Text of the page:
Is Expensive Workout Gear Worth the Money?

You may have noticed it at the gym. But just as likely, on the street.

December 20, 2012, 7:00 AM

Dec 20, 2012— -- You may have noticed it at the gym. But just as likely, you've seen it on the streets.

It's the logo that looks a little like a horseshoe, but with curly edges. It's the logo of lululemon, the leader in designer workout gear. The brand started as just one store in Vancouver, B.C.. Today it boasts 175 stores in the U.S. and many more worldwide.

The company ranked fourth among the most profitable stores in the U.S., according to research company RetailSails. Who beat lululemon? You may have heard of them: Coach, Tiffany and Apple. Sales for lululemon were $1,800 per square foot.

And on a recent Saturday at the lululemon store in New York's Union Square, there were a few people waiting to get into the store before it even opened at 10 a.m. Over the next few hours, there was consistent traffic: lines at the register and plenty of people shopping.

The question: Why is everyone so keen to pay $100 for yoga pants?

"We have a propriety fabric called luon," said Amanda Casgar, area community manager for the brand. "It's four-way stretch, moisture wicking. Every seam is flat, and we put a gusset in the crotch to avoid camel toe."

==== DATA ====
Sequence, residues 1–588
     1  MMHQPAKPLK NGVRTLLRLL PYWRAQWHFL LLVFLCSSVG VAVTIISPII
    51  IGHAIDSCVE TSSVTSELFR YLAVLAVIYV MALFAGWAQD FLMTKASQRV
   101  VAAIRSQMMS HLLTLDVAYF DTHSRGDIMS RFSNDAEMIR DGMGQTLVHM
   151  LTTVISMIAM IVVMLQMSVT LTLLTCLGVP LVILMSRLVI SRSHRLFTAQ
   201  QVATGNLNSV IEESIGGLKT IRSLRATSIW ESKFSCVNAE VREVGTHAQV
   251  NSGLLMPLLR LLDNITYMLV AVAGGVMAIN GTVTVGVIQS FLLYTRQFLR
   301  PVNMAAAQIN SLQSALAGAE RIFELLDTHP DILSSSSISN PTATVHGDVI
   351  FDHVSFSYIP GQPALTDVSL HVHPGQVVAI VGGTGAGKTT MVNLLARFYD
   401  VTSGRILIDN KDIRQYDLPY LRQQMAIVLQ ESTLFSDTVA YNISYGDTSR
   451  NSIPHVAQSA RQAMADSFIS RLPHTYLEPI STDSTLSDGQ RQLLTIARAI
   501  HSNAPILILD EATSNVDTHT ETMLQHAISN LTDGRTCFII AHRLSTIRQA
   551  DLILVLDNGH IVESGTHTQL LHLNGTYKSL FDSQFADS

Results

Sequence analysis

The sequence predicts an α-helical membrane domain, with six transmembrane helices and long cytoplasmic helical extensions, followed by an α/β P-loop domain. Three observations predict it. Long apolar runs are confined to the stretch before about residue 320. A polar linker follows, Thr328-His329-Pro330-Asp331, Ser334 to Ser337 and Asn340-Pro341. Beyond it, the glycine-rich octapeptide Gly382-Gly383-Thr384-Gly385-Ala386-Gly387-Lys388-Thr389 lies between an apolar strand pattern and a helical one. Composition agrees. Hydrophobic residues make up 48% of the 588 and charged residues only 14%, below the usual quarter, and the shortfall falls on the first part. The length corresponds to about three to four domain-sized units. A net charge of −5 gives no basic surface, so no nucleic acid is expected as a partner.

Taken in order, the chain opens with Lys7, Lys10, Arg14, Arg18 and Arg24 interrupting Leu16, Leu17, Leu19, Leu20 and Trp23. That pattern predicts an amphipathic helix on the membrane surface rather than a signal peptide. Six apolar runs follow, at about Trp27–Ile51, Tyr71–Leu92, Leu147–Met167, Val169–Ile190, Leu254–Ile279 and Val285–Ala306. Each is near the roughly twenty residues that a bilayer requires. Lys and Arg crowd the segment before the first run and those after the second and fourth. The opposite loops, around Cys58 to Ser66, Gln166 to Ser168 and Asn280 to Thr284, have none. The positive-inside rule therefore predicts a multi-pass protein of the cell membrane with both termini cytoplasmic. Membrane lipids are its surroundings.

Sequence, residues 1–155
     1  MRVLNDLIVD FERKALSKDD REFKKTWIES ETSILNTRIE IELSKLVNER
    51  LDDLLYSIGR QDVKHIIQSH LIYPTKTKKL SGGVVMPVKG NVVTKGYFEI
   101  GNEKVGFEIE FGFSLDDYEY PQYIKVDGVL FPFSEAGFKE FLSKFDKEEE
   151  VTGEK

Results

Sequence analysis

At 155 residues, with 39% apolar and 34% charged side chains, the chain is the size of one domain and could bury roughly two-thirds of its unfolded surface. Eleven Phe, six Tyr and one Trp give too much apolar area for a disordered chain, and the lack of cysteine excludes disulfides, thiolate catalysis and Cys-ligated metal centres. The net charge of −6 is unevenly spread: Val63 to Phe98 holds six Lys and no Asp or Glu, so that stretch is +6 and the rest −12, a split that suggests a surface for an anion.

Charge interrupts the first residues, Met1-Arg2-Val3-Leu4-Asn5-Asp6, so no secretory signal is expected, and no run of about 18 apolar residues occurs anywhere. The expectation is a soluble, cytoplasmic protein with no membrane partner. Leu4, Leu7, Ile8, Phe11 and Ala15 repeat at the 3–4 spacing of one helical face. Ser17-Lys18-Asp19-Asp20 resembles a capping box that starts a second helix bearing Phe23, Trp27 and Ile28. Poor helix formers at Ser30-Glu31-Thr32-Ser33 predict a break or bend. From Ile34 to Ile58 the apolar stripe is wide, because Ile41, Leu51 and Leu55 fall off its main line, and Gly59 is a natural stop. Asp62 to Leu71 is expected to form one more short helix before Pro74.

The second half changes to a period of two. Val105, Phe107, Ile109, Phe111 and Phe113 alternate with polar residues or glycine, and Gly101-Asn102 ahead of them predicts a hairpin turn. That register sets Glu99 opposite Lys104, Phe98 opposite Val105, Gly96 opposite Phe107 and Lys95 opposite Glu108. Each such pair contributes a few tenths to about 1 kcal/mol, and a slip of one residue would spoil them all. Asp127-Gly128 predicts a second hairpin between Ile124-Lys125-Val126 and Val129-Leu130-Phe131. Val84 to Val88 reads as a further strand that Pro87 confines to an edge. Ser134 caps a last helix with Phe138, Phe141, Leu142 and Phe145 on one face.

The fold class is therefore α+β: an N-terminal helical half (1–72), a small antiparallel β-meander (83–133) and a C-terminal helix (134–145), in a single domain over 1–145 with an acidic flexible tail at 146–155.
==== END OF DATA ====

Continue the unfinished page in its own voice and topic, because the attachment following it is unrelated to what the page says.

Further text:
And fitness experts agree the gear isn't just a gussied-up version of something you could pay a fraction for at Old Navy or Target.

"The apparel options today are supersonic," said Annbeth Eschbach, CEO and Founder of Exhale. "You now can get apparel that's not just comfortable but makes you look good. It's not just functional but it's supportive and it's high tech and it looks great."

But the cult of lululemon is part of a larger trend of women – and to a lesser degree men – taking care of themselves.

"These are women who are really proud of what they're doing," said Eschbach. "So if I do boot camp or I do core fusion, I want to be defined by that, and my purchases are going to reflect that as a badge of honor."

But ultimately, you have to do the work. Casgar thinks the gear is another way to get you to the gym.

"It makes you feel great, putting on these pants, putting on a top. Going into a class, you are judging yourself and others, that happens", she said. "The point of a yoga class or spin is to feel amazing in body or mind after. If [the clothes] create another opening for you to go to a class and feel great from the inside as opposed to this other esoteric place, that's perfect, that's amazing."

ABC News Live

ABC News Live

24/7 coverage of breaking news and live events